A biographical film on the late comedian Andy Kaufman. Kaufman, along with his role on Taxi (1978), was famous for being the self-declared Intergender Wrestling Champion of the world. After beating women time and time again, Jerry Lawler (who plays himself in the movie), a professional wrestler, got tired of seeing all of this and decided to challenge Kaufman to a match. In most of the matches the two had, Lawler prevailed with the piledriver, which is a move by spiking an opponent head-first into the mat. One of the most famous moments in this feud was in the early 80s when Kaufman threw coffee on Lawler on Late Night with David Letterman (1982), got into fisticuffs with Lawler, and proceeded to sue NBC.Written by
Eli Boorstein <firstname.lastname@example.org>
The core cast of Taxi (1978) played themselves. The only exceptions were Tony Danza, who was doing "A View from the Bridge" on Broadway, and Danny DeVito, who was already playing George Shapiro. When DeVito was asked who would play him if he was playing Shapiro, he suggested that the simplest option was to scratch himself from the cast shown in the movie. See more »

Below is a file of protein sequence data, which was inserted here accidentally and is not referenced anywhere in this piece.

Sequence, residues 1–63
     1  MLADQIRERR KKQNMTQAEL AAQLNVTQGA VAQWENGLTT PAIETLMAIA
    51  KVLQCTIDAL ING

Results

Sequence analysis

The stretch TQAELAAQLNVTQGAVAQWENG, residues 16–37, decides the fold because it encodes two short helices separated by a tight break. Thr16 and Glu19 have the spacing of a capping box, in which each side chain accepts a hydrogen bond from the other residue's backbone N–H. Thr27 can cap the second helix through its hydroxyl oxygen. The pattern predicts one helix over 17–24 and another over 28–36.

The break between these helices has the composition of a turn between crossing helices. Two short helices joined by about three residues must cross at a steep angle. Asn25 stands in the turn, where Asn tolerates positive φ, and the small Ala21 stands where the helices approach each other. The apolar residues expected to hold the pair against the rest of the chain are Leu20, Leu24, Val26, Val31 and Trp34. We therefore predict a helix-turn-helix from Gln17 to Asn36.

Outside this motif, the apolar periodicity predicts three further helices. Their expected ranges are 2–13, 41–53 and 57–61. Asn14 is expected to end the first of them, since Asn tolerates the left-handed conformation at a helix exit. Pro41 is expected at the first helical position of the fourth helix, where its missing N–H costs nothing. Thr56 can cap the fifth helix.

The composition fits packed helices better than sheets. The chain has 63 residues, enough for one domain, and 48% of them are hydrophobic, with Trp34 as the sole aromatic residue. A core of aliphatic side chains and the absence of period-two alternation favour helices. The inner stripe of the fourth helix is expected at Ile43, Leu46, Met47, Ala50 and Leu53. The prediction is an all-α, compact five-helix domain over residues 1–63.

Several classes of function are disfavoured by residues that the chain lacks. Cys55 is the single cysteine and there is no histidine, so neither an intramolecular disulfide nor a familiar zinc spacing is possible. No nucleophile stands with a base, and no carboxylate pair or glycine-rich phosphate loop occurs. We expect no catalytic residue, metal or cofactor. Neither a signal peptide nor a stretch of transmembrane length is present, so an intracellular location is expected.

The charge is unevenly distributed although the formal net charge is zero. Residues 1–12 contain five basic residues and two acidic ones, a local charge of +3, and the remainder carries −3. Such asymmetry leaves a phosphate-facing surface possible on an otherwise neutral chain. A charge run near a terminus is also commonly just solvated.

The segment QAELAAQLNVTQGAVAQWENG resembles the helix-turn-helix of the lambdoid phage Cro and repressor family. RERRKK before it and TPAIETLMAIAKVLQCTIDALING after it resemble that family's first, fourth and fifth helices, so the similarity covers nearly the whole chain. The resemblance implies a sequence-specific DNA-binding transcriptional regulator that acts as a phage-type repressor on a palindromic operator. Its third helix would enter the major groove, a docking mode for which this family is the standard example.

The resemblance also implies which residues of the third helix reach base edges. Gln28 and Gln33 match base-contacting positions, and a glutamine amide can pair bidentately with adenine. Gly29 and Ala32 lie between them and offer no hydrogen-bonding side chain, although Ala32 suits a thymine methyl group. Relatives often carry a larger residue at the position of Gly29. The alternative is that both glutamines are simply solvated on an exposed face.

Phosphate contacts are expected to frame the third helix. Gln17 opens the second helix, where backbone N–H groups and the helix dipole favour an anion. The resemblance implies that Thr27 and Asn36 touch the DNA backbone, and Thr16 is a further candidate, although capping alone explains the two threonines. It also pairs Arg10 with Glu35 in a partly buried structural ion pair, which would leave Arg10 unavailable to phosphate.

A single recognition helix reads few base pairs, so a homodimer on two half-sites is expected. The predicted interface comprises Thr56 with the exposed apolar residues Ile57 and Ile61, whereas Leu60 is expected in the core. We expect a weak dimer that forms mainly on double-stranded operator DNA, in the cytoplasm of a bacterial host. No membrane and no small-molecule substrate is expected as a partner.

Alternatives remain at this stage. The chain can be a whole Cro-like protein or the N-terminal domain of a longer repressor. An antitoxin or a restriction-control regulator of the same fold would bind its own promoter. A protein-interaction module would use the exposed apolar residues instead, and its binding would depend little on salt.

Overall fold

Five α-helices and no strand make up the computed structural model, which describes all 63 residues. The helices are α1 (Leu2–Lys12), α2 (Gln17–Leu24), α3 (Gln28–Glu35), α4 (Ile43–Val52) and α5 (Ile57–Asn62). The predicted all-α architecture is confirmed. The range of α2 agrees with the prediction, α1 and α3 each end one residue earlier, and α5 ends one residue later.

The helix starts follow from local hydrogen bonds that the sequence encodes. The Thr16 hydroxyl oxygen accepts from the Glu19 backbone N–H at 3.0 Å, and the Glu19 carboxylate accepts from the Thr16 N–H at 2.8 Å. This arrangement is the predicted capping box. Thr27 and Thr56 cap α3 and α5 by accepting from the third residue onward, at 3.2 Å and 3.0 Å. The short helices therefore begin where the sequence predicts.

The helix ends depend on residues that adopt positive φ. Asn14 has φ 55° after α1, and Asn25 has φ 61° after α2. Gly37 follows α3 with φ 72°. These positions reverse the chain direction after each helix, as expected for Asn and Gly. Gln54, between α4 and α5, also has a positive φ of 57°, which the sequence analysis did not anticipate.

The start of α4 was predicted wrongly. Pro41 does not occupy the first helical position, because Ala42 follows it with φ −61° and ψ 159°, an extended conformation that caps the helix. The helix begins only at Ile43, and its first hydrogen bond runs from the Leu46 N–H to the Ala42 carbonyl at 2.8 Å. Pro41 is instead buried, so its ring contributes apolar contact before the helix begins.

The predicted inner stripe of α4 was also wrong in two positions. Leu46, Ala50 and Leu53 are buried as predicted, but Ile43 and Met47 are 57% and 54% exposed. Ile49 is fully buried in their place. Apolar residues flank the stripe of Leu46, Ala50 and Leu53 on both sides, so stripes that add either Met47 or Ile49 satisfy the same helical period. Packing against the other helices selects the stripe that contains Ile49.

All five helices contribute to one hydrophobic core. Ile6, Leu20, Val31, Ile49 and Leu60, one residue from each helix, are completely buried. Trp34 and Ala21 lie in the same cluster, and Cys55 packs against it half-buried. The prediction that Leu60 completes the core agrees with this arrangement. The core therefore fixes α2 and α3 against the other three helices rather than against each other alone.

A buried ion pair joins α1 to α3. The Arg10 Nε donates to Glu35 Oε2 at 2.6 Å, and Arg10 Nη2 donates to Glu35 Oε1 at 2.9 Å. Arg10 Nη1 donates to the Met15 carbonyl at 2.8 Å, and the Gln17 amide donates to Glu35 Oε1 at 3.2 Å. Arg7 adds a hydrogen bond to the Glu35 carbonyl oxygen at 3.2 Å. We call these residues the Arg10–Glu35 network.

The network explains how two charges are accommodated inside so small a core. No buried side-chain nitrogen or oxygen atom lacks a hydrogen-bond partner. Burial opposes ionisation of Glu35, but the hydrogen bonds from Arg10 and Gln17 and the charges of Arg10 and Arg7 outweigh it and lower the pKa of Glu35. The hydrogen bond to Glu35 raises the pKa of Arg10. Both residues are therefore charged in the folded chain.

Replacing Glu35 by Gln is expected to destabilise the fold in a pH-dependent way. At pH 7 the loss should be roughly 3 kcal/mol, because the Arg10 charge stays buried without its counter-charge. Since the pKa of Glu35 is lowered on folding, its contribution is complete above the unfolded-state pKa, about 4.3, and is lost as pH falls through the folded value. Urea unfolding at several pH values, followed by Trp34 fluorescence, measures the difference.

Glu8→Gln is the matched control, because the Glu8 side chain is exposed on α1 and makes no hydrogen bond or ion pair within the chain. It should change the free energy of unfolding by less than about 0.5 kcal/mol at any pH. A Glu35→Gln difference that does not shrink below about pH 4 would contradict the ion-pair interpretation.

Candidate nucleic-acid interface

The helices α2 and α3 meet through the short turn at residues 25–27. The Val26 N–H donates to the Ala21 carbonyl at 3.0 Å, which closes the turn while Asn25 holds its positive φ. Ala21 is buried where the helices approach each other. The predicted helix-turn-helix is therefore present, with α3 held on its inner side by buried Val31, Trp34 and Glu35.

In the "Mighty Mouse" scene, supposed to take place in 1975, the "Proud N" NBC logo, depicting a peacock inside the letter N, is seen on the studio camera. The Proud N logo wasn't introduced until 1979 (the logo used in 1975 was simply an N divided into red and blue trapezoids). See more »
Hello. I am Andy and I would like to thank you for coming to my movie. I wish it was *better*, you know, but... it is so stupid! It's terrible! I do not even like it. All of the most important things in my life are changed around and mixed up for dramatic purposes. So, I decided to cut out all of the baloney! Now the movie is much *shorter*.
In fact, this is the end of the movie. Thank you very much.
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Jim Carrey delivers on of the greatest acting achievements of the nineties in this stunning biopic about the legendary comedian Andy Kaufman (the man on the moon, according to REM). For me as a European citizen, Andy Kaufman is a complete mystery. I've never seen any of his performances in Saturday Night Live nor have I ever seen any of his live shows. After seeing the movie five times, I as a Dutch not-knowing citizen who had never heard of Kaufman before, can make an image of the man and his brilliance. This is all thanks to Milos Forman and a stunning Jim Carrey, who really becomes Andy Kaufman. According to me, this movie is where Jim Carrey proves that he is just more than a funny guy, and after seeing him in Eternal Sunshine of the Spotless Mind (2004) Carrey has really proved that he is in fact a character actor.
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